Gazelka, restaurant owners attack Walz’s pandemic restrictions
Senate Majority Leader Paul Gazelka, R-East Gull Lake, in September. Photo by Ricardo Lopez/Minnesota Reformer.
Minnesota Senate Majority Leader Paul Gazelka and restaurant owners urged Gov. Tim Walz on Thursday to lift restrictions on indoor dining, calling the regulations overly strict and unmanageable for small businesses.
The news conference came a day after Walz announced that some of the state’s COVID-19 restrictions on gyms, youth sports and elementary schools would be loosened, while restaurants and bars will be barred from offering indoor dining through the holidays. Outdoor dining at limited capacities will be permitted, an allowance that one restaurant owner called a “slap in the face” during the winter months.
“I feel like I’m on the Titanic, and this governor is making us a third-class citizen that has to be in the bottom of the ship,” said Jeff LaBeau, owner of the Depot Bar and Grill in Faribault. “He wants to drown us.”
Restaurant owners said they’re at risk of going out of business if the restrictions continue, which would put their employees out of work. LaBeau said he worries for his 50 employees and their families, and took $250,000 out of his retirement fund in hopes of keeping his business afloat.
Gazelka and restaurant owners repeatedly cast doubt on public health officials’ assertions that indoor dining poses a high risk for spreading COVID-19. Research has shown that indoors the virus that causes COVID-19 can travel further than 6 feet and infect someone in fewer than 15 minutes.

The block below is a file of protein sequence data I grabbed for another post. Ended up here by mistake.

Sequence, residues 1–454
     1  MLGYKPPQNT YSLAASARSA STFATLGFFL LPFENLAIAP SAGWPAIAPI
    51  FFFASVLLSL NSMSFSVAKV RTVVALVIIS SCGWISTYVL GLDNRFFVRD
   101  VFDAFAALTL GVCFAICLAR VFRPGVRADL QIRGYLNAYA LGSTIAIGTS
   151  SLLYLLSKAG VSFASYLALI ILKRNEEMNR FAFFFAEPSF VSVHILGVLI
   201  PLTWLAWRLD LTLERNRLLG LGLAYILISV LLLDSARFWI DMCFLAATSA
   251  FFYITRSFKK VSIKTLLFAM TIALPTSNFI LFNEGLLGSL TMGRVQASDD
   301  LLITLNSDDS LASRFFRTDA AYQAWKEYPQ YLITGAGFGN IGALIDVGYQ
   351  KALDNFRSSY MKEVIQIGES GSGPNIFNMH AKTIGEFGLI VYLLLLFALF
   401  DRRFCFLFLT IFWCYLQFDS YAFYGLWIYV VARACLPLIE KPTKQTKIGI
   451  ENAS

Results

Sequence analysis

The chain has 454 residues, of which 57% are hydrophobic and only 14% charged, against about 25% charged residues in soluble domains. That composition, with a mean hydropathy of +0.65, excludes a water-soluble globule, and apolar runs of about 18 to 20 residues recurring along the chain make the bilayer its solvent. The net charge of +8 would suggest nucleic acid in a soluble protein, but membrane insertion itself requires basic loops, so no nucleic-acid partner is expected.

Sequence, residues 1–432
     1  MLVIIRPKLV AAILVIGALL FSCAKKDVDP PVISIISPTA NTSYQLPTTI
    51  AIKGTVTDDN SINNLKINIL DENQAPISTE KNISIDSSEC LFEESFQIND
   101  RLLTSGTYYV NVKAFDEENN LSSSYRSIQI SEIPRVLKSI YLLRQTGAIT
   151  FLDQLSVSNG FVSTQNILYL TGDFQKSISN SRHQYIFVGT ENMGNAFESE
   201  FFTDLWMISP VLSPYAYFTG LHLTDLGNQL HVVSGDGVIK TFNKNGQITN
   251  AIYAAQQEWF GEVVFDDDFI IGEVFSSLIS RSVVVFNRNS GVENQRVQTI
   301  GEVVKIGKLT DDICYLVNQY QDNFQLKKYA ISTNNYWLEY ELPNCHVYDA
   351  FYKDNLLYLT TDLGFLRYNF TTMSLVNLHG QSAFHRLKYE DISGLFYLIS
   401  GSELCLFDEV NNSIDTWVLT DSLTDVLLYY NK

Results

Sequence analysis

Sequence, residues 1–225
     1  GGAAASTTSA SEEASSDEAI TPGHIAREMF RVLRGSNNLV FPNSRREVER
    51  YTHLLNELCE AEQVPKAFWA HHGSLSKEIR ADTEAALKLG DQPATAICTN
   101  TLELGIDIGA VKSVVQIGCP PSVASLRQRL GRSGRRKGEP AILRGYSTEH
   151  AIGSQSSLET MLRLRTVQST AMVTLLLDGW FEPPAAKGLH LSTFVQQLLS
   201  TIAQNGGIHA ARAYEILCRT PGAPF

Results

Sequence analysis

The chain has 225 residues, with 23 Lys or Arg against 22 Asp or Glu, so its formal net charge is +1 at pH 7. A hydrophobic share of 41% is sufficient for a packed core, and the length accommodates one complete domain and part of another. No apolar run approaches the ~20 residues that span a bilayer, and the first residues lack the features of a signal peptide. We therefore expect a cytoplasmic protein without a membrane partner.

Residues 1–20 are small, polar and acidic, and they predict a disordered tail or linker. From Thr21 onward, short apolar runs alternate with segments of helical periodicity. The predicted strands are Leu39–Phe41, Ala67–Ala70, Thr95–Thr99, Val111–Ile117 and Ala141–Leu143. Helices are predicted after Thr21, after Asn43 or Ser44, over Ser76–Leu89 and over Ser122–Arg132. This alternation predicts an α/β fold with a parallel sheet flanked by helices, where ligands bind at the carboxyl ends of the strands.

They also expressed frustrations that restaurants and bars in neighboring states, like Wisconsin and the Dakotas, have remained open.
“Why is the science different in Wisconsin?” Gazelka said. “Why does the science there tell them that they can be open?”
Roughly 150 businesses have said they’d reopen this week in defiance of Walz’s executive orders, according to the group ReOpen Minnesota, and a handful have followed through so far.
As Walz announced the changes to the state’s COVID-19 restrictions Wednesday, Alibi Drinkery in Lakeville was packed with maskless patrons. Attorney General Keith Ellison has sued Alibi and another restaurant, Princeton’s Neighbors on the Rum, and intends to suspend their liquor licenses.
Gazelka said the restaurants’ decisions to reopen is an act of desperation. He criticized the $10,000 fine Ellison issued to a restaurant that repeatedly violated the state’s restrictions.
“I want to remind (Ellison) that next year, we set a two-year budget, and the legislative branch sets his budget. And we’re going to look at how many $10,000 fines he inflicted on these people that were absolutely desperate, and I’m going to expect that to come out of his budget,” Gazelka said.
Minnesota Republicans have criticized Walz’s COVID-19 restrictions for months, with Senate Republicans voting multiple times to end Walz’s emergency powers.
In November, multiple state Republicans, including Gazelka tested positive for COVID-19 following indoor election parties hosted by both the House and Senate GOP.
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